• Latest news from the blog

    Atlanta Safe Streets & Transit Coalition combine to form advocacy supergroup!

    No matter which part of Atlanta we call home, we all want safe, thriving streets and dependable transportation. That’s why we’re excited to announce the formation of the Atlanta Safe Streets & Transit Coalition, a unification of two successful groups who've made strides in the name of street safety and better transit. A major lesson we’ve learned is that we can accomplish more when we work together, and we look forward to the progress our new, combined Coalition will achieve in the years to come! Interested in getting your company, organization, community group, or other entity involved? Scroll down for the low-down on how to get in touch! We look forward to talking.
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    Streetviews: Forsyth Street gets some bike/LIT lanes, Edgewood Avenue bike lanes keep it separated

    Forsyth Street and Edgewood Avenue get some long-overdue attention...not to mention bike lane improvements!
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    Atlanta at a pivot point: Right-size transportation funding or founder

    This week, Mayor Andre Dickens announced his support for four infill MARTA stations including one at a mixed-used development that would connect MARTA rail to the Atlanta BeltLine. These projects—while potentially impactful—alone won’t constitute a long-term roadmap to the better transportation infrastructure Atlanta truly needs. A reliable network of public transit, bus lanes, bike lanes, sidewalks, and crosswalks spanning every neighborhood would go a long way toward making Atlanta a healthy, sustainable city. But despite a growing population and increasing demand for efficient transportation and improvements like these, last year, Mayor Dickens's administration reduced the Atlanta Department of Transportation (ATLDOT) operating budget by more than 12%, now standing at $50.3 million. This drastic reduction directly hampers ATLDOT's ability to manage a growing list of urgent projects and maintain safe conditions on our streets, a situation that should be of great concern to all Atlantans.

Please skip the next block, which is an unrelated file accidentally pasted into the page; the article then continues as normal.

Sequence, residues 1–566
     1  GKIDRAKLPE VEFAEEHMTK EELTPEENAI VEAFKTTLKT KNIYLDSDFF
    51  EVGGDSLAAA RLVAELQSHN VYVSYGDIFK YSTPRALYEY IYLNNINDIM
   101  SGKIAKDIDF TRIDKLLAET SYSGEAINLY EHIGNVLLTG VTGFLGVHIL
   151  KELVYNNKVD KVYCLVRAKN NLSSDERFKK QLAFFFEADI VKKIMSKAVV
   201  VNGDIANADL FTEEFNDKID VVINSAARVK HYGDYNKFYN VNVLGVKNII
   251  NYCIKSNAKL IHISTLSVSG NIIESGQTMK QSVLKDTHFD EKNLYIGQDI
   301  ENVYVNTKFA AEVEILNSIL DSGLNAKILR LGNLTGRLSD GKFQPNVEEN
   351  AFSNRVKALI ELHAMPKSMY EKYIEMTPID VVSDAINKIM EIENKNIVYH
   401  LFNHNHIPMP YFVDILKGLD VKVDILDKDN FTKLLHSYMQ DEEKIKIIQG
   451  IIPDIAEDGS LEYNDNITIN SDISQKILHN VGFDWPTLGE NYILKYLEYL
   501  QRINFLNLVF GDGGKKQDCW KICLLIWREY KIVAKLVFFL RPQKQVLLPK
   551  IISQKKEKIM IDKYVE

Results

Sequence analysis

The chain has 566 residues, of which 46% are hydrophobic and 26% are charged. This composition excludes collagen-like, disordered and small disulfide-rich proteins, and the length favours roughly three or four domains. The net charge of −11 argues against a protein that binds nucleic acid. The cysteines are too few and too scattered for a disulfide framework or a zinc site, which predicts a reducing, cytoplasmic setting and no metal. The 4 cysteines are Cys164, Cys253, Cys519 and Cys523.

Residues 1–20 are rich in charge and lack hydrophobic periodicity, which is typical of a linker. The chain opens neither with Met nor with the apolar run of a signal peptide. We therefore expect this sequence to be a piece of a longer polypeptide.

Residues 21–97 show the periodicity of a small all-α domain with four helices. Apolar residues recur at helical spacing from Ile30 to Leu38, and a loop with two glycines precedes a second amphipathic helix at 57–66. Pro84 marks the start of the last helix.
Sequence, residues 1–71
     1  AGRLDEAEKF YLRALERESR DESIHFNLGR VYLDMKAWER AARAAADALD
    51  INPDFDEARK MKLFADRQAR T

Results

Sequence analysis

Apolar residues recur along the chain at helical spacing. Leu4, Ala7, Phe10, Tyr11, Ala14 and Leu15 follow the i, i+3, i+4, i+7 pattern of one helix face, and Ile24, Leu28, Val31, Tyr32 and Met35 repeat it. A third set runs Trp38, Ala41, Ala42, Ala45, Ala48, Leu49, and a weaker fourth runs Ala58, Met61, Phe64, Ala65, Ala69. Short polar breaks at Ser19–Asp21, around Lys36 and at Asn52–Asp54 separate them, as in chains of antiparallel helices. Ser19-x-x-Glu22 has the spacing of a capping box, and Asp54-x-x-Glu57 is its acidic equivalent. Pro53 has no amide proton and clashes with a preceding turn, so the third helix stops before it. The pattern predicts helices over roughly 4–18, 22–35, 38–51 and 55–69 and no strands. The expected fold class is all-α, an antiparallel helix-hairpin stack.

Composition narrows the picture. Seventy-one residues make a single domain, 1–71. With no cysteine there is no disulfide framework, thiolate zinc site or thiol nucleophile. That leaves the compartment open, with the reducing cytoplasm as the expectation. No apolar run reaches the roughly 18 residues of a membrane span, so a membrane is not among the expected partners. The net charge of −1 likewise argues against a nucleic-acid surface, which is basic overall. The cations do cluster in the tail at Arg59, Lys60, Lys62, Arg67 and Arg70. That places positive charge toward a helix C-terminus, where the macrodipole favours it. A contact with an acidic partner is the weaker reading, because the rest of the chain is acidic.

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    MARTA news

    For a moment this week, it felt like all anyone could talk about was transit. Atlanta Mayor Andre Dickens’ announcement of four infill MARTA stations at the State of the City address Monday kicked things off. Monday night, MARTA held a community meeting about the Campbellton Road Bus Rapid Transit Project. And Wednesday, MARTA CEO Collie Greenwood gave his quarterly update to the Atlanta City Council. Read more for highlights and ways to take action. 
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    DeKalb Ave: another update

    Long a sore spot for commuters and residents, DeKalb Avenue got a facelift last year: safer pedestrian crossings, fresh pavement, sidewalk fixes, and three segments of bike/LIT lanes.  Reminder: Known as the “DeKalb Ave Safety Improvements Project,” these changes actually make up a scaled-back version of the full complete street project, known as “Phase II Safe Streets project.” That overhaul–set to include a separated bicycle/scoot/walk path between Krog Street and Rocky Ford Road–is still planned and funded through the Moving Atlanta Forward program.  We celebrate the progress! And, we have questions that haven’t been resolved yet. Some of these questions have come from community members who’ve reached out to our team. (Thanks, y’all!)
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    Unsnarl Atlanta’s potential: Tell Mayor Dickens to boost transportation budget for better streets

    #KeepATLMoving: Foster sustainable transit for a thriving, accessible city. Atlanta is at a crossroads. Our bustling streets mirror the energy of our growing city. Yet, every day, we find ourselves stuck in the very arteries meant to keep our city alive. In fact, you may have heard the meme “#WeFull”— a popular mantra of frustration for those caught in the snarl of traffic. But we see not a full city, but one that's ready to unlock its full potential. Imagine this: Less time spent in your car means more time enjoying what our city offers. This isn't just a dream — it's a possibility that calls for our collective action. Reliable transit, protected bike lanes, and pedestrian pathways are keys to this transformation.
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